Though the markings and hue vary, the basic appearance of the red-tailed hawk is consistent. The underbelly is lighter in color than the back, and a dark brown band across the belly is present in most color variations. The red tail, which gives this species its name, is brick-red above and pink below. As characteristic in raptors, the bill is hook shaped. The cere, the legs, and the feet of the red-tailed hawk are all yellow.
In flight, the red-tailed hawk soars with wings in a slight upward angle, flapping as little as possible in order to conserve energy. When soaring or flapping its wings, it typically travels from 20 to 40 mph, but when diving may exceed 120 mph! The Red-tailed Hawk is generally non-aggressive toward people and toward other birds, unless there are nestlings present.
Did You Know?
- The red-tailed hawk is sometimes referred to as the chicken hawk, but it rarely preys on chickens.
- Because they are so common and easily trained as capable hunters, the majority of hawks captured for falconry in the United States are red-tails.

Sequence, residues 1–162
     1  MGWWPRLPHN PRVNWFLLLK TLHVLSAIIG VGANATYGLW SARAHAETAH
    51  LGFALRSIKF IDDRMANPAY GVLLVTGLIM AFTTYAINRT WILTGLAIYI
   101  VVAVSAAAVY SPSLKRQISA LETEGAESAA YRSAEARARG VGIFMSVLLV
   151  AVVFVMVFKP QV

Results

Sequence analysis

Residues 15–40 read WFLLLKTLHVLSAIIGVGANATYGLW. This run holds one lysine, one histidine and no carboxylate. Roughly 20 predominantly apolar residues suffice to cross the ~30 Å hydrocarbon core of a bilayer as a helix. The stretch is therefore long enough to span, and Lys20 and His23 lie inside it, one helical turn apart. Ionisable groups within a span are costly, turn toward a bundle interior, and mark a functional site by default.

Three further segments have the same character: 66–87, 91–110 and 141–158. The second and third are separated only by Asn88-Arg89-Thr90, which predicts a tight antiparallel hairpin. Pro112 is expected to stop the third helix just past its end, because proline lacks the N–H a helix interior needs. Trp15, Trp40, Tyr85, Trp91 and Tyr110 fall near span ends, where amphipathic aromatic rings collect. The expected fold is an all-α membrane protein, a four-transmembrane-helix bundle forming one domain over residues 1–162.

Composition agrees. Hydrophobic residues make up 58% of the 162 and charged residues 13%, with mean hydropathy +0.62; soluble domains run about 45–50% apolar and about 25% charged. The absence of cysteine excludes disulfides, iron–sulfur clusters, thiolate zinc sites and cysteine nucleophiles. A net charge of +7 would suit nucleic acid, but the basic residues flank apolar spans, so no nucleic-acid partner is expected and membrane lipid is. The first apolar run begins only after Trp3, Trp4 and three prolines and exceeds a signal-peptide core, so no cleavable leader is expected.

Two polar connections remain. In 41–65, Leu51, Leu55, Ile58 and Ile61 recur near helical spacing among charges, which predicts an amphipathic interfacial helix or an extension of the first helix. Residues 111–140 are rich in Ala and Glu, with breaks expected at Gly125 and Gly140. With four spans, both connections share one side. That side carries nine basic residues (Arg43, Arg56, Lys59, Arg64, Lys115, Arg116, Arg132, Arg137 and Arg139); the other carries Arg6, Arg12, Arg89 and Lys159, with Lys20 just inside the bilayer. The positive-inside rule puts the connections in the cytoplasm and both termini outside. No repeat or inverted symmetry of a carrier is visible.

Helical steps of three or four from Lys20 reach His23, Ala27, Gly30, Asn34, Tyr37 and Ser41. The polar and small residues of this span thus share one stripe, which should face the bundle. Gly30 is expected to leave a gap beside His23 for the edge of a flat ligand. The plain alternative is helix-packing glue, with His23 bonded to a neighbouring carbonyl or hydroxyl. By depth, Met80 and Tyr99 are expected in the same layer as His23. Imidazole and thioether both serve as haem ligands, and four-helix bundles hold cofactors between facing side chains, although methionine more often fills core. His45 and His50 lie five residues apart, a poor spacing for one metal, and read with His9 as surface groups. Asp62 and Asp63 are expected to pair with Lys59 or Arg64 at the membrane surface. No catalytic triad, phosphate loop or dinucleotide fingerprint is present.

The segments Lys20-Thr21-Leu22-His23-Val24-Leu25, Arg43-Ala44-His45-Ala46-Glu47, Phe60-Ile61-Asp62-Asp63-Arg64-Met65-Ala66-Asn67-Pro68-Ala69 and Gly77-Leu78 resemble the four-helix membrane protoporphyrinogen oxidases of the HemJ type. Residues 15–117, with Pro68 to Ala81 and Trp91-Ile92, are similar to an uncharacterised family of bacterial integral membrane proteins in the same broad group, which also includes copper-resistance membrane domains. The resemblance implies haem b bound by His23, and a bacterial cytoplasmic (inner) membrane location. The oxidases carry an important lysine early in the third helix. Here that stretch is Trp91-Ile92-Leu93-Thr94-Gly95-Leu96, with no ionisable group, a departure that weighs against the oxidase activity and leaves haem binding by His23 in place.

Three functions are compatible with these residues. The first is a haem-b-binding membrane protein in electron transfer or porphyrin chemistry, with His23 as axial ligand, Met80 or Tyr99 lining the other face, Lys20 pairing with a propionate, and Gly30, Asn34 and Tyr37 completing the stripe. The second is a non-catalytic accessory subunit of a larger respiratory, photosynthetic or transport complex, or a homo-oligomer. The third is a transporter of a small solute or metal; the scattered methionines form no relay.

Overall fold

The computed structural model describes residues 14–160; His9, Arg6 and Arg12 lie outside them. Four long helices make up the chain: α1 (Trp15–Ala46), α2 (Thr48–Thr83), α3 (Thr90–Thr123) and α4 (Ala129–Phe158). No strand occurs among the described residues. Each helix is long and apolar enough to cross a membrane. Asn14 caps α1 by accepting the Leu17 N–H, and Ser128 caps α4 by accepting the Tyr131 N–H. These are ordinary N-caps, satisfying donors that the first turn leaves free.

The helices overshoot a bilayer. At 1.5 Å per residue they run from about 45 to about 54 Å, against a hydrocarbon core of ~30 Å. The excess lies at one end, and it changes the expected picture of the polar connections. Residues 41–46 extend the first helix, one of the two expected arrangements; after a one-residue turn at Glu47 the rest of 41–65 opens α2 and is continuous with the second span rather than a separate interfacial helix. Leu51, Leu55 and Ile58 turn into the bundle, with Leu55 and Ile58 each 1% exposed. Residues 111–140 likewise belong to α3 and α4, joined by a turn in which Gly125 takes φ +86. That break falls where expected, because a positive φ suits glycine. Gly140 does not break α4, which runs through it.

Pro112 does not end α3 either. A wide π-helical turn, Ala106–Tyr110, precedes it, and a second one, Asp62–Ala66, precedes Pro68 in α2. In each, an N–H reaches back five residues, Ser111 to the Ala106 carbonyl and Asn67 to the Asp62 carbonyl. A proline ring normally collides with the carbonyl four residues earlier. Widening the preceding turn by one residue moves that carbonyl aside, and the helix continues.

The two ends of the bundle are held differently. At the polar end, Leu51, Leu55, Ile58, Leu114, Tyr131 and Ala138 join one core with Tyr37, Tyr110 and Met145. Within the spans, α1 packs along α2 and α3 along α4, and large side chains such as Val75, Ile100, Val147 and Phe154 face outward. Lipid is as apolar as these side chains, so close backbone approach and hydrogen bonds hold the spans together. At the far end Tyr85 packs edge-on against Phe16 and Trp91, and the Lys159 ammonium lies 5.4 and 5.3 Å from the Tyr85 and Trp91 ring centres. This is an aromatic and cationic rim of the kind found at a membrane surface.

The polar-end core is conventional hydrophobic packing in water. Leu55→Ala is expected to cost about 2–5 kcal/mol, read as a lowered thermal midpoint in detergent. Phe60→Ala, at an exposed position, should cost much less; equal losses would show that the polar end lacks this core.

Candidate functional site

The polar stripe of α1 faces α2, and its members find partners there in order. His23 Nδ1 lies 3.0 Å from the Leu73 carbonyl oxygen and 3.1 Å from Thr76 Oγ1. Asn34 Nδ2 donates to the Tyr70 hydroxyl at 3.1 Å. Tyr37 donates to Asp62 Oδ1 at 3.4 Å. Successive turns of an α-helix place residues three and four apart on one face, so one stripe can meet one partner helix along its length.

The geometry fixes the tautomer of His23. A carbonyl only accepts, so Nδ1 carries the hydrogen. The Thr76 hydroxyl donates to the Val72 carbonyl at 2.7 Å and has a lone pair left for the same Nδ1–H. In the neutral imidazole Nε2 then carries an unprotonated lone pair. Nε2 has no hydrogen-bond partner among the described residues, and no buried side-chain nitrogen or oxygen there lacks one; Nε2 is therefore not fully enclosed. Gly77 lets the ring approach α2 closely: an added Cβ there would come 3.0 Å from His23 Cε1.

- The red-tailed hawks feathers are considered sacred by some Native American tribes, and are used in religious ceremonies.
We have one red-tailed hawk, who came to PPZ in late 2009 on loan from the USFWS.
IUCN: Least Concern
The body size of a red-tail is typically between 18 to 26 inches, and its wingspan is more than double that at 43 to 57 inches! Each red-tailed hawk weighs anywhere from 1.5 to 3.5 pounds.
12 - 16 years in the wild, and up to around 20 years in captivity.
About 75% of their diet mainly consists of rodents and other small mammals, but they do occasionally eat grasshoppers, snakes, and other birds.
Red-tails range from Northern Canada and Alaska to Panama and Central America